Dengue virus spreads across Florida as health officials raise alarm

Nearly 200 cases this year among individuals with recent travel histories to dengue-endemic regions

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Web Desk
Wolbachia-Aedes aegypti mosquitoes at the National Environmental Agencys mosquito production facility in Singapore on August 19, 2020. Picture taken August 19, 2020.—Reuters
Wolbachia-Aedes aegypti mosquitoes at the National Environmental Agency's mosquito production facility in Singapore on August 19, 2020. Picture taken August 19, 2020.—Reuters 

The rapid spread of the Dengue virus across multiple counties in Florida has triggered intensified concerns among health authorities.

Broward County has recently entered the spotlight, as it joins Miami-Dade County under the vigilant watch for mosquito-borne illnesses.

In its latest arbovirus surveillance report from July 30 to August 5, the Florida Department of Health has highlighted two instances of locally transmitted dengue cases in Broward County.

These new cases contribute to the overall tally of 10 local dengue infections reported in the state this year, with the majority of cases occurring in Miami-Dade County, particularly during July.

The department has been proactive in identifying the virus strains, conducting PCR-based serotyping on the 10 reported cases. In comparison to the last year, when Broward County recorded a mere two locally acquired dengue cases, the current escalation is worrying.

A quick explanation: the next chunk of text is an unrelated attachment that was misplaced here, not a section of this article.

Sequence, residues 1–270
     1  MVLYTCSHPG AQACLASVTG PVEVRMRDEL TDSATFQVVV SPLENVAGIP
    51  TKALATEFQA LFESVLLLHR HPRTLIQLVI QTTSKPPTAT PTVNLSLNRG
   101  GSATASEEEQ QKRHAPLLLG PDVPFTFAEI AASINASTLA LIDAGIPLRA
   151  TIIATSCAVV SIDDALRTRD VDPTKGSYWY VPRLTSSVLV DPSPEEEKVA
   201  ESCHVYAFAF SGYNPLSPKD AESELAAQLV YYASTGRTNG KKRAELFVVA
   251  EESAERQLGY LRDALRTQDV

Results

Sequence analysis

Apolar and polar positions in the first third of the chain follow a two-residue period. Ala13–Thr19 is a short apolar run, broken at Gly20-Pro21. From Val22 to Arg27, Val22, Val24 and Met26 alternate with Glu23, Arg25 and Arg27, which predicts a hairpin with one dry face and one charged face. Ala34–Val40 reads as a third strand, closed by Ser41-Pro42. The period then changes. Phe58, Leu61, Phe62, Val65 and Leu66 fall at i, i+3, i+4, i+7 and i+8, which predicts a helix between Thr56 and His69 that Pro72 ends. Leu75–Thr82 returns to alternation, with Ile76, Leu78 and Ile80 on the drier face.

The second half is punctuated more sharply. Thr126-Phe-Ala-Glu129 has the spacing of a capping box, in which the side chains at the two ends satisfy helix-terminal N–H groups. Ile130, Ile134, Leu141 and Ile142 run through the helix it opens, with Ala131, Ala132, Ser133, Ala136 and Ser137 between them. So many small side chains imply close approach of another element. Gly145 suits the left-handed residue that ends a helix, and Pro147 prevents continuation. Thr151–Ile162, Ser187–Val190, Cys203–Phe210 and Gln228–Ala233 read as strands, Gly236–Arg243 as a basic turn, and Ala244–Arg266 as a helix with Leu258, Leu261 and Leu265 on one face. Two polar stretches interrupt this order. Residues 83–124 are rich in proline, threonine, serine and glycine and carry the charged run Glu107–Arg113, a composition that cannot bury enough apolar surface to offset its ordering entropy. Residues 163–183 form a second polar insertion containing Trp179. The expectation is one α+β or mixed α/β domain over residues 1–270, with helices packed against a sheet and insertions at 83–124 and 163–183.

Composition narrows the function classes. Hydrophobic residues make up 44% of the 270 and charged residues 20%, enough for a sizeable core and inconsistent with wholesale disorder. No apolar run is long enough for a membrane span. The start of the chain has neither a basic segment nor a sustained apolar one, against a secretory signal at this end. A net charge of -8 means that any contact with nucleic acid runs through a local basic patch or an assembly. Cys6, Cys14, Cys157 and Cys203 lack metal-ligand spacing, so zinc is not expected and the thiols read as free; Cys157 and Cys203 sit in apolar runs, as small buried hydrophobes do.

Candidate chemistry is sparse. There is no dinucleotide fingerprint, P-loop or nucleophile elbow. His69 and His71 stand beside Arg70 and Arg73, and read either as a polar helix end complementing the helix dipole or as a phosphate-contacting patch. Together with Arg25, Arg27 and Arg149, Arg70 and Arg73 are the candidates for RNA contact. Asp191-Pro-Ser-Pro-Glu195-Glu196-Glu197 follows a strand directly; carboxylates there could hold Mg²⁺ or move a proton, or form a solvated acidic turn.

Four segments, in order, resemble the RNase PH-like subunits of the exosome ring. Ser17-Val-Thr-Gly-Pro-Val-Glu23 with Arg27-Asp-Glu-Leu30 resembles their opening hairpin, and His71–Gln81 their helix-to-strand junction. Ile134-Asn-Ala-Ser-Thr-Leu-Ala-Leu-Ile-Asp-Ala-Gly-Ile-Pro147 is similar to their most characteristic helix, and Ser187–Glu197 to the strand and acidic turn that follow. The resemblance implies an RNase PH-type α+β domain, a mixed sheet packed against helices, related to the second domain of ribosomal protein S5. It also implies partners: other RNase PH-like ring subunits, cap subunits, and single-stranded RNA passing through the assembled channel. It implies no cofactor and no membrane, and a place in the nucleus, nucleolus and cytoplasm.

An additional noteworthy statistic is the reporting of nearly 200 cases this year among individuals with recent travel histories to dengue-endemic regions.

This underscores the pivotal role of travellers in introducing the virus to Florida and perpetuating its transmission to local mosquitoes.

The scope of the outbreak extends beyond state residents, as evidenced by the involvement of non-Florida residents in ten reported cases. Furthermore, a single case meeting the criteria for severe dengue serves as a potent reminder of the potentially dire consequences of the illness.

While certain populations are particularly vulnerable, such as individuals with previous dengue infections, pregnant women, infants, the elderly, and those with underlying medical conditions, the virus's impact is not confined to these groups. The Centers for Disease Control and Prevention (CDC) is closely monitoring the situation, reporting 225 dengue cases across multiple US states this year. Notably, dengue virus disease has held the status of a nationally notifiable condition since 2010.

As Florida confronts the burgeoning Dengue threat, heightened vigilance, comprehensive awareness efforts, and robust mosquito control strategies stand as crucial measures to curtail its public health impact.